Monday, March 21, 2011

Abseil Me Down

As I mentioned in a previous post, the Maori Tour was only part one of our Auckland experience that TEAN put on for us.  Part two was a Canyoning Trip.  What’s Canyoning, you ask?  Canyoning is “traveling in canyons using a variety of techniques that may include other outdoor activities such as walking, scrambling, climbing, jumping, abseiling, and/or swimming.”  Apparently it’s known as Canyoneering in the U.S.   Either way, Microsoft Word doesn’t recognize the word. 

Our canyoning trip included abseiling (rappelling) down waterfalls, both the sides and the middle.  It also included the hike up to the waterfalls, and the descent down the river afterwards.  The descent included such things as jumping, crawling, sliding, walking, and swimming.

So we began the day (Feb. 11) by jumping in two vans and riding out to literally a shed in a parking lot.  There we changed into wetsuits (top and bottom), old shoes, and helmets.  we then got in the vans again and travelled out to the trail.  There we put on a harnessy thing and practiced both the abseiling and the waiting with the rope for a fellow abseiler.  with that out of the way we began our trek up the mountain.  Now normally the trail we hiked would not have been a problem, but we were all in ill-fitting wetsuits and had an interesting time breathing.  Finally we reached the start of our real journey.  The top of a waterfall.  We were properly fitted into our gear and proceeded to jump into a freezing cold pool to swim out to the edge of the fall.  For the first descent we went down the side of the waterfall.  If you don't already know, I am quite afraid of heights.  As such, I let the big kids go first and hung near the back of the group, plucking up the courage to lower myself over the edge of a waterfall.  That done, I hooked up to one of two lines and slowly, ever so slowly, began my own descent. 

This doesn't look that imposing to be sure, but right where that rope disappears is a 90 degree angle.  So anyways, I took my sweet time to get down to the bottom.  Once there, I was extremely proud of myself.  However, that was only the first of four.  The third and fourth ones being the hardest, apparently.  So I swam through the pool at the bottom of the first falls and set myself up to go down the next.  The next one didn't even have water, though.  It was more of a connection between Point A (small waterfall) and Point B (big waterfall).  From the top of the second waterfall, it doesn't look that big.  even after you go over the edge.  Because guess what?  There's a second edge!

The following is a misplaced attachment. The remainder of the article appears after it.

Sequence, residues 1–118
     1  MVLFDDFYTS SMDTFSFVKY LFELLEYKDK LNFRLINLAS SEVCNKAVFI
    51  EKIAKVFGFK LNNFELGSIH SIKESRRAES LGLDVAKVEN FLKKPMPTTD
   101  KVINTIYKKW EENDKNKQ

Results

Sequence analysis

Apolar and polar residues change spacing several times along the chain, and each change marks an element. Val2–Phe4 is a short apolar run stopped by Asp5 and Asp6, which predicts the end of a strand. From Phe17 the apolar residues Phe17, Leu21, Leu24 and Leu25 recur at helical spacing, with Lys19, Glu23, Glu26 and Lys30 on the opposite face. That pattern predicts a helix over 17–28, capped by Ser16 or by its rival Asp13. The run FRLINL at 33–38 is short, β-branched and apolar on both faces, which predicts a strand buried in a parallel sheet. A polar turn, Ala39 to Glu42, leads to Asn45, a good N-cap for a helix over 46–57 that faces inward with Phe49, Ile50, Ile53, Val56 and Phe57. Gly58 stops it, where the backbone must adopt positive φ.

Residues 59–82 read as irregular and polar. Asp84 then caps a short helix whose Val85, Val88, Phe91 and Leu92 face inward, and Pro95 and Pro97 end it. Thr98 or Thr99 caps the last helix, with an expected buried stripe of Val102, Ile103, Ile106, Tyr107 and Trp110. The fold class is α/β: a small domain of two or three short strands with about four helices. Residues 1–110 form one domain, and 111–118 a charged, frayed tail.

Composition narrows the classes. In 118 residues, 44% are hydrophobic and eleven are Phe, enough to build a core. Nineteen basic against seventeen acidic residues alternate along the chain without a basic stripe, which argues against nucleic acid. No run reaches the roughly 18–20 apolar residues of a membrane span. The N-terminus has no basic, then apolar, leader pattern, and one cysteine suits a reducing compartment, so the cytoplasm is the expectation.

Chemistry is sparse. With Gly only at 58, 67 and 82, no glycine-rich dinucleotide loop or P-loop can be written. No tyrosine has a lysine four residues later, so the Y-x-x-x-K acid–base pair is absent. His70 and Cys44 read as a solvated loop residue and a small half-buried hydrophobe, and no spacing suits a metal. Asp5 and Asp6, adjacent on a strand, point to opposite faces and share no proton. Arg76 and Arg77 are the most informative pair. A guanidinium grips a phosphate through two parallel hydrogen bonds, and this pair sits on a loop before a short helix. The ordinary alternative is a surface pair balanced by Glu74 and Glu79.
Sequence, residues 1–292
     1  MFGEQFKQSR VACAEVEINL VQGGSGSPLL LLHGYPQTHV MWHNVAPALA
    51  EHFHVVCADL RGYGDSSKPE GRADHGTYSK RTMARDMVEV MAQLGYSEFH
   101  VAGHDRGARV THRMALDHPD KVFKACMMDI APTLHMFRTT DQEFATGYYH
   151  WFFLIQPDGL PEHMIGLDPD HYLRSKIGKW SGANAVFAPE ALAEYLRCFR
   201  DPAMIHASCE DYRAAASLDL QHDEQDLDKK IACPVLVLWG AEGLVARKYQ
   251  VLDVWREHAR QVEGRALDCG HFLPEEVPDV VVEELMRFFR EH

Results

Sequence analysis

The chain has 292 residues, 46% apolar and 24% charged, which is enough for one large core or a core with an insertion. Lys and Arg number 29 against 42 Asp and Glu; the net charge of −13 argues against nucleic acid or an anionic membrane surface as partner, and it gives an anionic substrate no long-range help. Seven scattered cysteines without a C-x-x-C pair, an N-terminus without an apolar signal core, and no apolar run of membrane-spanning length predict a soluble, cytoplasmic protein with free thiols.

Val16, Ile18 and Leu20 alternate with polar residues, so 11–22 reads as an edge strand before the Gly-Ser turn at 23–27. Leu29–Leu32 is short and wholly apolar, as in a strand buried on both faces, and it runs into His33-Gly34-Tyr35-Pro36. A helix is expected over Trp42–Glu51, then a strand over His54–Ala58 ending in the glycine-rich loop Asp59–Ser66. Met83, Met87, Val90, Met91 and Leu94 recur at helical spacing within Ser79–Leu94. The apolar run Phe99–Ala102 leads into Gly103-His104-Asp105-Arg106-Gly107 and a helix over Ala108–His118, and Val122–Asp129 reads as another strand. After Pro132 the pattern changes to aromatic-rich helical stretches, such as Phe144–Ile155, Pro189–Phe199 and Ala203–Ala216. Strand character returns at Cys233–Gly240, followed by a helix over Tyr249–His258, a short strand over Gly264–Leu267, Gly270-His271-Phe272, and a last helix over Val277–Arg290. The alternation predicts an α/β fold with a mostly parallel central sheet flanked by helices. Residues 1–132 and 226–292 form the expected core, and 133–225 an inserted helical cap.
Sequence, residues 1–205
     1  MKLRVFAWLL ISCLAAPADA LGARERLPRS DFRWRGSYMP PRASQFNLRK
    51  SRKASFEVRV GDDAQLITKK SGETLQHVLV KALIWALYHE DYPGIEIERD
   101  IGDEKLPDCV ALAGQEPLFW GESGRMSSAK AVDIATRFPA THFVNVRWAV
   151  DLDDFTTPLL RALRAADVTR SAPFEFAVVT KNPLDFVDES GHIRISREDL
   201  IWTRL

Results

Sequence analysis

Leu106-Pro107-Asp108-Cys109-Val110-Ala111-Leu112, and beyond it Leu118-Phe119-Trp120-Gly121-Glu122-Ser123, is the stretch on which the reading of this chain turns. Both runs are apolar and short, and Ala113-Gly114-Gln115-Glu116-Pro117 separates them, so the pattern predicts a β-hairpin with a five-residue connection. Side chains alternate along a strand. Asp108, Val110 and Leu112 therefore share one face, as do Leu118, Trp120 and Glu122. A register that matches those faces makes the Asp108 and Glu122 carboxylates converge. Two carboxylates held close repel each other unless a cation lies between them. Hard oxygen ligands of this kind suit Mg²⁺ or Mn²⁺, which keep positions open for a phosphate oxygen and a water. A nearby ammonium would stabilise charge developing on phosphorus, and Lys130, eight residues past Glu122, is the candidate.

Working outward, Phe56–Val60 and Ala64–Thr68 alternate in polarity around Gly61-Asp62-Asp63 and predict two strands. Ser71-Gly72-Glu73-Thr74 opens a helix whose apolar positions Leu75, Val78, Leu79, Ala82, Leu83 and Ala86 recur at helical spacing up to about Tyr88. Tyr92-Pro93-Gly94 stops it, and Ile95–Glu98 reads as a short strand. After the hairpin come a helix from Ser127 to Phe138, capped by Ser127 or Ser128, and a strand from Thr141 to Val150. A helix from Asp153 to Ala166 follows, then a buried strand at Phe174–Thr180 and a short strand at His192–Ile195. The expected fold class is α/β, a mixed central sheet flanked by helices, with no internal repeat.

That's it.  I'm not sure if that's both waterfalls, but I would say at least the bottom 3/4 of it is the second waterfall.  I was shaking by the time I reached the bottom of that one.  Once there, I rejoined the rest of the group and we moved on, leaving a few people to finish up and join us.  We were guided to our next starting point where we all sat down and ate some tasty sandwiches for lunch.  While we ate, our guides prepped the fourth and final abseil.  The one in the waterfall. 

No joke.  Anywho, I once again let the rest of the group jump ahead.  This time I was seriously freaking out.  I went in some of the waterfall on the previous one, and I did not enjoy it.  So this, where the only way to go is down the waterfall, was not looking too appealing.  Add to that the rope burn I was getting on my hands, and I was not too confident that I would make it down under any sort of control.  Luckily, Cam, one of the guides, realized how panicked I was and offered to lower me down.  Yes, yes, yes, please.  And no, I was not the only person to choose this option.

I did enjoy the descent, especially since I wasn't in control.  Once at the bottom I disconnected and headed along the gorge to the dry waiting point beyond.  Once everyone was down and the gear collected, we continued on our way down the river and back to the trail to civilization.  I have to say this is the part I enjoyed the most.  Wading through the river, jumping off cliffs, crawling in between rocks, yeah, I can totally do that.

1 comment:

  1. I found this wonderful piece of content and I'm so happy! Thanks for sharing your valuable insights to some of the problems that really speak to the challenges of our profession in the 21st century. Rope technicians are a person who descends down a nearly vertical face by using a doubled rope that is wrapped around the body and attached to some high point. This kind of job is only for adventurous peeps!